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On the contrary, Marx emphasizes on the significance of the Jewish Question for the nation and, only four years later, in The Communist Manifesto (1848), he remarks: “The working men have no country”. If the revolution is made by those disproved from a fatherland, then why does Marx not link the situation of Jewish people to his idea of the stateless proletariat? In short: What happened to Marx’s internationalism in his analysis of the Jewish Question? Marx (2009) proposes to evaluate modern states’ performance based upon the condition of the respective national minorities. However, he does not discuss the color-line in the United States nor the movements for independence in the French colonies. He thus omits the transnational context of nationhood, colonialism, as well as the meaning of scientific racism from his own analysis. In doing so, he dismisses the correlations of meaning among the Jewish Question and the history of non-Jewish minorities and overlooks the simultaneous discussions on Blackness in Europe. However, precisely the circulation of meaning between the Black Question and the Jewish Question illustrates the identification of the difference through the “changing same” (Gilroy 1991). For example, as Sander Gilman (1984: 291) notes, the depiction of the ‘Jew’ as “radical difference” from the national identity borrows racist analogies and homologies from the ‘mulatto’. This racialized identity is considered ‘valuable’ insofar it refers to a non-white human being, who has the capacity of adaptability, yet the incapacity to reproduce culturally (Gilman 1986: 7). In his later work on Jewish diasporas in Western states, Bauer (1863: 10) reformulates his depiction of the immutability in the “nature of the Jew” as the “white Negro”. He mobilizes the conceptual and epistemic legacy of the racist stratification of humanity, and the colonial mapping of the world. Likewise, his opponent operates within the colonial cartography that positions Black people at the bottom (Fanon 2000). In the publications that followed his essay “On the Jewish Question” (1844), Marx (1862: in Gilman 1984: 291) exploits the “the Black Jew” to refer to Ferdinand Lassalle.9 In doing so, he betrays the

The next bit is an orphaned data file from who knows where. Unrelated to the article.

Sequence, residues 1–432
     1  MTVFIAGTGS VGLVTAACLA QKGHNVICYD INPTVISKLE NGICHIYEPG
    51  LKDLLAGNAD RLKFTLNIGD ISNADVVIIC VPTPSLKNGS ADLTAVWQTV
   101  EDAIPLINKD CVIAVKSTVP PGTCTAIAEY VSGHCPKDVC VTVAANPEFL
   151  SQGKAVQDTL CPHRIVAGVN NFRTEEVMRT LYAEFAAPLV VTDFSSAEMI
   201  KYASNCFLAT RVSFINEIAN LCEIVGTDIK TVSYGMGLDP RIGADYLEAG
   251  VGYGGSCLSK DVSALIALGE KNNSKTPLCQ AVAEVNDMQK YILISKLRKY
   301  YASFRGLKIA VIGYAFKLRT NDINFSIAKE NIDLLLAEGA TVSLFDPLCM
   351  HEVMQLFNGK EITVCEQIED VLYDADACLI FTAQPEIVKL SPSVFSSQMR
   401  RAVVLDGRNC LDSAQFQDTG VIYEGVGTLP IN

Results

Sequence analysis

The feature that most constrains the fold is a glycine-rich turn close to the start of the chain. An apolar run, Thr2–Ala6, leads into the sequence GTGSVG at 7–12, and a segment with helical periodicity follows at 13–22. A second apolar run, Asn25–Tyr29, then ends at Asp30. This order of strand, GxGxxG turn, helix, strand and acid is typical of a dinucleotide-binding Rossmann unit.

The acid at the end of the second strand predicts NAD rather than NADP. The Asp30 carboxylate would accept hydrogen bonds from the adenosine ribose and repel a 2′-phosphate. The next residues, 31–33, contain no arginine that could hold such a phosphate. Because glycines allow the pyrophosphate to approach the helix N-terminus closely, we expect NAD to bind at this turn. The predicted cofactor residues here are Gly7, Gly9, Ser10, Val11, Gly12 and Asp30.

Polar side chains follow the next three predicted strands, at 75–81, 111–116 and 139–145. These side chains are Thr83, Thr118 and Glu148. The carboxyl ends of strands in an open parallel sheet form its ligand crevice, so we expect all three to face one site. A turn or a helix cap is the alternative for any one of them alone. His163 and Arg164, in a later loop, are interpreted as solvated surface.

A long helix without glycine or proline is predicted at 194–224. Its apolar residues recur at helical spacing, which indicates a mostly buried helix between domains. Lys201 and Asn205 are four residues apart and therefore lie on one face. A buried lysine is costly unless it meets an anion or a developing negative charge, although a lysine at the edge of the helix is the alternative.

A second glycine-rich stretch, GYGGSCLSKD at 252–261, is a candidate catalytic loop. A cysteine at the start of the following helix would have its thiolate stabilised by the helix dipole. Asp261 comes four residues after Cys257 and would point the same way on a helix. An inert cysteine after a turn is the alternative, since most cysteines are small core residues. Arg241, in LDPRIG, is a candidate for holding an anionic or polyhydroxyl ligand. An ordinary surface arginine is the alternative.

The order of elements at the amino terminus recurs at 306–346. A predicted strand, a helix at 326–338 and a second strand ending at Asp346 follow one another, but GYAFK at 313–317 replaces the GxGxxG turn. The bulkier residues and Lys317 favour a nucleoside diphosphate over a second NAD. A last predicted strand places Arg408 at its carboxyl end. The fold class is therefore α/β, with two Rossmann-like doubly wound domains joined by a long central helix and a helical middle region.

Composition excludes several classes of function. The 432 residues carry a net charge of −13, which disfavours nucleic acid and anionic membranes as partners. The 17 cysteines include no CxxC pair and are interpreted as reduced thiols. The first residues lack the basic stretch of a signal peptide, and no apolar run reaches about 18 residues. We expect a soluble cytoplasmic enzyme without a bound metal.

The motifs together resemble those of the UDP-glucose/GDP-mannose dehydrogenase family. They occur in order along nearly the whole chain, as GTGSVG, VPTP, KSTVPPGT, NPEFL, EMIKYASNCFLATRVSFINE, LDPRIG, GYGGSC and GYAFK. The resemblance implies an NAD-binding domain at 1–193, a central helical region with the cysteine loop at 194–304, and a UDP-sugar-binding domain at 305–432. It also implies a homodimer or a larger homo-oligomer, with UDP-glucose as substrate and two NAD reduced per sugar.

9

This racist statement has been discussed by the Marxist thinker Gilman (1984) and the German thinker Wulf Hund (2018). Already in the title of his paper on Marx’s racism, Wulf reproduces violence. Both critiques emphasize on Marx’s Jewish identity, although he took distance from any religion. If Judaism is the problem (and Marx was ‘accused’ of being a Jew several times), then the critical voices perpetuate Bauer’s definition of ‘the’ Jew, and ignore the violence of comparison in his statement, which should rather be thought in its postcolonial context, instead of pathos. For a critical discussion of Marx’s relation to Jewishness and Blackness, see: HaCohen 2018.

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possibilities of human emancipation, or his own expectation in the ‘authentic’ cosmopolitisation of politics. The discussants’ personal convictions and biographies aside, it is rather the intersections between the Valladolid Debate and the Jewish Question which are significant. The silenced relation between the two debates and the Black Question constitutes the transhistorical and transcontinental historiography of the difference(-marking). It is upon the silencing of the Black Question that the question of minorities can be raised. In other words, the exclusion of the Black Question from the debates is the basis of a tacit fragmentation of humanity that allows treating minorities as original exceptions to the white cultural rule. The regime that legitimizes the ontological fragmentation or differentiation also decides upon the translatability of minoritized identities into the white, European, and Christian norm. At the same time, the translation regime excludes Black people from the reconstitution of ‘the people’ and the nation. However, as Mufti (2007: 2) proposes, the comparison among regimes regulating the mobility of ‘culture’ and ‘identity’ permits correlating minoritized histories. This implies acknowledging that Blackness as “Jewishness disrupts the very categories of identity because it is not national, not genealogical, not religious, but all of these in dialectical tension with one another” (Boyarin/ Boyarin 1993: 721). Moreover, as Mufti (2007: 6) notes, the affiliation between the Black difference and the Jewish difference as traced through European lens “dismantle[s] the anticomparatist impulse of much of Jewish studies since its founding in Germany in the Wissenschaft des Judentums in the early nineteenth century.” The reconstruction of the Jewish Question through a comparative perspective situates its exceptionality into the larger conceptual and social history of “the ‘question’ of the Jews’ status in modern culture and society” (ibid.: 2). According to Mufti (ibid.: 10), this epistemic shift acknowledges that “the manner in which the Jews of Europe became a question, both for themselves and for others” has implications to “the crises and conflicts of the projects of modernity in European and non-European, specifically colonial and postcolonial, settings”. This means that the debate upon the Jewish difference in the 19th century rearticulates the colonial difference of ‘the’ Indian, and ‘the’ Black and readapts them to a national difference. Moreover, by being depicted as the new ‘domestic foreign’, the idea of the Jew is situated in-between the colonialized and the secular citizen. More than formulating a genealogy of differences, the meaning co-relations among minoritized and interrogated identities replace the monocultural idea of the nation with the politics of translation and the translatability of identities. The comparative approach to the regimes tracing European differences disseminates knowledge on the majority’s expectations and epistemic attitude vis à vis the